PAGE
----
Govt failure to implement the National Food Security Act intensifies survival crisis in drought-affected areas by Jean Dreze

Govt failure to implement the National Food Security Act intensifies survival crisis in drought-affected areas by Jean Dreze

Recent reports from Bundelkhand, or rather from the side of Bundelkhand that lies in Uttar Pradesh, are most alarming. A rapid survey conducted by Swaraj Abhiyan, under the leadership of Yogendra Yadav, found evidence of famine-like conditions developing in the area. To illustrate, 38% of the sample villages reported at least one death due to starvation or malnutrition in the preceding eight months.

Among poor families, barely half had eaten any pulses during the last 30 days, and less than half had been able to give some milk to their children. Large numbers of people were found to survive by gleaning or eating wild foods. Followup enquiries by independent journalists confirm this grim state of affairs.

This survival crisis has a lot of to do with UP’s failure to implement the National Food Security Act (NFSA) in good time. Had NFSA been operational in Bundelkhand, more than 80% of the rural population would be covered under an improved Public Distribution System (PDS). The minimum PDS entitlement under the Act consists of 5 kg of foodgrains per person per month at a symbolic price. This is roughly half of an average person’s foodgrain requirements. It is not much. But in a drought situation, even this minimum entitlement can go a long way in averting hunger.

Alas, more than two years after NFSA was enacted, UP is yet to complete the groundwork – identification of eligible households, distribution of new ration cards and so on. Meanwhile PDS coverage is confined to the old “BPL” (below poverty line) list, which is notoriously restrictive, unreliable and outdated.

According to official data, less than one-fourth of all UP households have a BPL card (or an Antyodaya card, meant for the poorest of the poor). Further, BPL cards are often appropriated by relatively well-off households. The Swaraj Abhiyan survey found that a majority of poor households in Bundelkhand did not have a BPL or Antyodaya card. No wonder many of them are starving.

Interestingly, we are not hearing similar reports from the Madhya Pradesh side of Bundelkhand, where NFSA is being implemented. Quite likely, people’s living conditions there are also grim. But most of them, hopefully, are not exposed to the horror of prolonged hunger. A recent survey of the PDS in two districts of MP (outside Bundelkhand) found that the system had greatly improved after NFSA was rolled out.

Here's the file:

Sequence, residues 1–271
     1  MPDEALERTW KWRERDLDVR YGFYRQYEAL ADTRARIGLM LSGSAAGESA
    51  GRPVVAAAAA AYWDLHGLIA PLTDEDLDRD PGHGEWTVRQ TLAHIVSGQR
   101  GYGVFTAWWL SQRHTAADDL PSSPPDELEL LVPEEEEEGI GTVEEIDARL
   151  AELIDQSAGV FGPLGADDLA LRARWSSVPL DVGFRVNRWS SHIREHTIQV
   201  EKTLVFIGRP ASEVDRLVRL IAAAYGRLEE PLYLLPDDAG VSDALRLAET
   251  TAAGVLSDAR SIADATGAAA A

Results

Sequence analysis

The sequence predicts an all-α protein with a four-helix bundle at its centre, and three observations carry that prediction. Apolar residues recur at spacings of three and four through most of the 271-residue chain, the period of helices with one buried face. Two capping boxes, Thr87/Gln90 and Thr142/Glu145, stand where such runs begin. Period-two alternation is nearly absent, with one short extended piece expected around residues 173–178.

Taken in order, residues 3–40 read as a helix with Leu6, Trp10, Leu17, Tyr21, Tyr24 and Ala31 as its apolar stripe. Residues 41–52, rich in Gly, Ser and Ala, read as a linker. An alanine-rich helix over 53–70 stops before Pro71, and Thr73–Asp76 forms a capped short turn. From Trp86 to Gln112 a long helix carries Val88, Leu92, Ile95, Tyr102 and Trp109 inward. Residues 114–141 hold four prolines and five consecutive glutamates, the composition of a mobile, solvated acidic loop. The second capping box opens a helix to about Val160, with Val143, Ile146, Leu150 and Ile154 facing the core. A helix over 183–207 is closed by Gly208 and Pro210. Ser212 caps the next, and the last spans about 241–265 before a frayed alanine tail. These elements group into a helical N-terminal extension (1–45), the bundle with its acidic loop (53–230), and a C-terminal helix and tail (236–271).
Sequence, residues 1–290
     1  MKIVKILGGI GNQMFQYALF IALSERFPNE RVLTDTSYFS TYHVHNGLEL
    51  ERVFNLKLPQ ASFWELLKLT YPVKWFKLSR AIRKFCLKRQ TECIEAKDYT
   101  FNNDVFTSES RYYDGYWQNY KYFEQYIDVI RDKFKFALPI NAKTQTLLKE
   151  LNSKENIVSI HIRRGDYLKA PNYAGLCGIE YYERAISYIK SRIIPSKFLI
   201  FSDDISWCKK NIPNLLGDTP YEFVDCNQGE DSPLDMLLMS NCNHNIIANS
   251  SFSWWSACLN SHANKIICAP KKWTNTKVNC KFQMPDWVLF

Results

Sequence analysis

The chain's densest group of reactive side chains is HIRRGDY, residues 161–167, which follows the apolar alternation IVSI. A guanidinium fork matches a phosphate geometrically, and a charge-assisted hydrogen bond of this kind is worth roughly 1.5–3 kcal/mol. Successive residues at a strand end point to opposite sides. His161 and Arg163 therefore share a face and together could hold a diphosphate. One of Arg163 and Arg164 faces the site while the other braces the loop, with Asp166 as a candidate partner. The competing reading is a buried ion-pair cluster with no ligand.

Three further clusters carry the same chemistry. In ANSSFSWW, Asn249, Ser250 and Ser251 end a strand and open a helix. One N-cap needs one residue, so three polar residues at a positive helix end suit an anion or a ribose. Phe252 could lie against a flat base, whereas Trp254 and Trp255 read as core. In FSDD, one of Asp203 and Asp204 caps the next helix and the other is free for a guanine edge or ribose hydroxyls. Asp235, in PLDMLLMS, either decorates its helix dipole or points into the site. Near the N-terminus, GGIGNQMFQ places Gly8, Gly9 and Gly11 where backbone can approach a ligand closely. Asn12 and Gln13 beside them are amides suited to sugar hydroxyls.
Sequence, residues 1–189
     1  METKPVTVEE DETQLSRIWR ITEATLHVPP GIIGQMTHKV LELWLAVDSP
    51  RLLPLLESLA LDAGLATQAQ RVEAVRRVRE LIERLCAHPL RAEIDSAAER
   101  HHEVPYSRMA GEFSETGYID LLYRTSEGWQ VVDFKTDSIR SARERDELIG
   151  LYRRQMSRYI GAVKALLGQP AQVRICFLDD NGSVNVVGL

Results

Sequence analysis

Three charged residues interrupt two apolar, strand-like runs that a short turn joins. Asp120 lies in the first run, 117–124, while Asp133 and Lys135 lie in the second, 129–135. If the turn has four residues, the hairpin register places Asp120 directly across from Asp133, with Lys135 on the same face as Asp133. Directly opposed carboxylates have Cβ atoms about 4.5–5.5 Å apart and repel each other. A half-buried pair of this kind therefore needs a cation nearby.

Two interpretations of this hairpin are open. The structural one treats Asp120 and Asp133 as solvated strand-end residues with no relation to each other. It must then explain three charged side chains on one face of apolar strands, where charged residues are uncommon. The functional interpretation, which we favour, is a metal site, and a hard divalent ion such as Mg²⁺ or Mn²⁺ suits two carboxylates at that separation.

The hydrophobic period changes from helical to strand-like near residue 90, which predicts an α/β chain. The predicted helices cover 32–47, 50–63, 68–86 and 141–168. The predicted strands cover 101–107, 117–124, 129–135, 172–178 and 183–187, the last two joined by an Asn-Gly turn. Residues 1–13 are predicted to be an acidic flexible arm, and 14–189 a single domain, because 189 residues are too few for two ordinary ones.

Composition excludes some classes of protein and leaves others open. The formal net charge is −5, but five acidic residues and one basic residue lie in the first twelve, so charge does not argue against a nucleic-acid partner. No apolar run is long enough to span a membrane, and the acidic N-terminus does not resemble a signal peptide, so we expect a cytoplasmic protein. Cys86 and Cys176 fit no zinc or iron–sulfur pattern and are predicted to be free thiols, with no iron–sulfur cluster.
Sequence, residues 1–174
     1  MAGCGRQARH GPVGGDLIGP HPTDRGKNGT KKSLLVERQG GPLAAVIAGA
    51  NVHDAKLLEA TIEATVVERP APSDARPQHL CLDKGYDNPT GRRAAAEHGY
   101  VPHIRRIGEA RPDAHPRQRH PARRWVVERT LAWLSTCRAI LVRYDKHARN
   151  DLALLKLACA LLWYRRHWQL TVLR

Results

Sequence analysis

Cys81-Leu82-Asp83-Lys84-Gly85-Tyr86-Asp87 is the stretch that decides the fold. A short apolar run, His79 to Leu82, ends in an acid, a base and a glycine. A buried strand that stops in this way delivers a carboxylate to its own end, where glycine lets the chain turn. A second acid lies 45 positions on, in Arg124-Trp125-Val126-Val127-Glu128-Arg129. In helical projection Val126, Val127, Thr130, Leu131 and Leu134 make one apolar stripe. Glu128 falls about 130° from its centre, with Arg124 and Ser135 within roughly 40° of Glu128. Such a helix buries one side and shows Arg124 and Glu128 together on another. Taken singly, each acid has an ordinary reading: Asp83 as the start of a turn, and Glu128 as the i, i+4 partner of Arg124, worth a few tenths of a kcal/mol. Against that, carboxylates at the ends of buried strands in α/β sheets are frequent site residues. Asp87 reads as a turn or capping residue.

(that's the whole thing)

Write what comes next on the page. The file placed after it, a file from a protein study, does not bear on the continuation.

This is not the first time that UP fares poorly in this regard. Its PDS has been in bad shape for many years. In the old days, most of the PDS grain was diverted to the open market by corrupt dealers. In recent years, leakages in the BPL and Antyodaya quotas have substantially declined: in a survey conducted in 2011, we found that BPL households in UP were getting more than 80% of their entitlements. But the APL (“above poverty line”) quota continues to be diverted with abandon. The implementation of NFSA is an opportunity to phase out the APL quota and end this scam.

Let me end with a few general remarks on food security and drought relief in rural India. First, there is an urgent need for renewed attention to the National Food Security Act. Somehow, the Act has been out of focus in recent months, despite its critical importance for poor households. The Act is being rolled out right now in many of India’s poorer states (including Jharkhand, Odisha and West Bengal) – the success of these efforts requires active support from the central government and sustained vigilance from the media, social movements and political parties.

Second, the nature of India’s drought relief system has changed. The system used to rely mainly on large-scale, ad hoc relief works. Today, use can also be made of the permanent infrastructure of food security that has been developed in recent years, including PDS as well as midday meals and the Integrated Child Development Services (ICDS). For instance, it would be easy to expand PDS entitlements in drought-affected areas, or provide for improved midday meals in schools and anganwadis.

Third, no matter how well these new opportunities are used, relief works retain their importance. There is a tendency to count on the National Rural Employment Guarantee Act (Nrega) for this purpose. As things stand, however, Nrega is not a very effective tool of drought relief.

Read More..